When the ’60s radicals took over the Catholic church

When Pope John XXIII called the Second Vatican Council in l960, almost every bishop in the world was puzzled. Vatican Councils historically are only called when the Church is in some desperate need or is fighting a very serious heresy (a widespread attack on a dogma of faith, i.e., Mary was not the Mother of God).  But this was a time when the Catholic Church seemed to be in her glory.  We had an abundance of priests and nuns.  Seminaries were full. Catholic schools were overflowing.  It was not uncommon that attendance at Mass on Sundays and Holy Days of Obligation was standing room only.  Almost every Saturday, there were lines for Confession.

So why call a council?  Pope John was warned by some Bishops that in their midst were some (not many) liberal Bishops who would use the council to “modernize” the Church. Previous Popes, especially Pope St. Pius X, had warned that the Church must never be “modern”. She must be unchangeable because what is modern in 1940 will not be modern in 1960 and what is modern in 1960 will not be modern in 1980. By remaining FOREVER unchangeable, you are always relevant.  Pope John promised it would be a PASTORAL Council and not DOCTRINAL or DOGMATIC so that the Deposit of Faith (our beliefs) and the liturgy of the Mass will not change.  It has been said that before he died, he saw the council change in a direction he was unable to stop and thus welcomed death knowing the council would die with him.  Unfortunately, it was re-opened by Pope Paul VI, his successor, who invited 6 Protestant clergy to act as “observers”.  Behind the scenes, these “observers” were allowed much more input and became unofficial participants.  Thus, the Roman Catholic Mass could become “Protestantized.”  At the end of the council, one of the Protestant ministers is quoted as saying:  “This is the best council the Protestants ever had!”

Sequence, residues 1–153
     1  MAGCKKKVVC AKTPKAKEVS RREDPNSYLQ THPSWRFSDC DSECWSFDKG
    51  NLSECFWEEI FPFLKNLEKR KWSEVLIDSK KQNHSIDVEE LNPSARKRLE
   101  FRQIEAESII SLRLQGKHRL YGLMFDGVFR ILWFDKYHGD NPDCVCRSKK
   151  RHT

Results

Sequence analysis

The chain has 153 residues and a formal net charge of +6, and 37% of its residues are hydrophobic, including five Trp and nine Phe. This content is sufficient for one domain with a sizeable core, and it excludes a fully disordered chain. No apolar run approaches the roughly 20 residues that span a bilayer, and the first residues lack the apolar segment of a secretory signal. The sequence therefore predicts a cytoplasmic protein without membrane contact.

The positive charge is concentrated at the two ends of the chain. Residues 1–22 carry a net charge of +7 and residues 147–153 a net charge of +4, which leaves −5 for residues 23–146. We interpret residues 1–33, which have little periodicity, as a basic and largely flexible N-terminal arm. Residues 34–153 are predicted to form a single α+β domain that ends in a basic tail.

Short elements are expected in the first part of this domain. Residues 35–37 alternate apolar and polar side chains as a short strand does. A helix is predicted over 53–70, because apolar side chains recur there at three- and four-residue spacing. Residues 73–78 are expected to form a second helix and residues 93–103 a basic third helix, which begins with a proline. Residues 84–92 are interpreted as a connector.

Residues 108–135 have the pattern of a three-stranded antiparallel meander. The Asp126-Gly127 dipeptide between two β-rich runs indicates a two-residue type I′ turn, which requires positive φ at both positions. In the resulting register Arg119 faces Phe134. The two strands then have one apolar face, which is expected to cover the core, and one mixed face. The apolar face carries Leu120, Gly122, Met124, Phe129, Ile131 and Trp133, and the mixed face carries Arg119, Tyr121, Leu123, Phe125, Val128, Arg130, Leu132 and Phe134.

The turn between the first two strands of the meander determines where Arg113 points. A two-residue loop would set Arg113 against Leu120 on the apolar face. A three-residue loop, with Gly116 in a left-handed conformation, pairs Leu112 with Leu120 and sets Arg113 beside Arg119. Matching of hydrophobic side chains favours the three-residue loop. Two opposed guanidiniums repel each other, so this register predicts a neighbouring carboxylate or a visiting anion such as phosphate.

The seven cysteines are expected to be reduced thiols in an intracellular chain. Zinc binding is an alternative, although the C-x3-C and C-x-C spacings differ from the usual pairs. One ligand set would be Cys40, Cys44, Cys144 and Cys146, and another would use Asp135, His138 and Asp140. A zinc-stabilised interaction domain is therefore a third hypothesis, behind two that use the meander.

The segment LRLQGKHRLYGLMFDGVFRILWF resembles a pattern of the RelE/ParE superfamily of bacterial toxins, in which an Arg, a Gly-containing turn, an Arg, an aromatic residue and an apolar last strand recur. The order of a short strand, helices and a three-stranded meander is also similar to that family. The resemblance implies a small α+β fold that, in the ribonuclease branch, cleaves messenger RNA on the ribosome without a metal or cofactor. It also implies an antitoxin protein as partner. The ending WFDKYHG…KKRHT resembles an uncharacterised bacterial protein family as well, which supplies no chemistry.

It is not our intention to give you a step by step history of Vatican II.   However, you should know that when the council closed, the wheels were in motion like a train at full speed.  In the driver’s seat were the “modernist” bishops who’d used the council like a vehicle to take it to their own destination—a more “modern” church, open to innovation, causing weakening of faith and much confusion.  Pope Paul VI seeing the end result of Vatican II said in no uncertain terms: “THE SMOKE OF SATAN HAS ENTERED THE CHURCH!”

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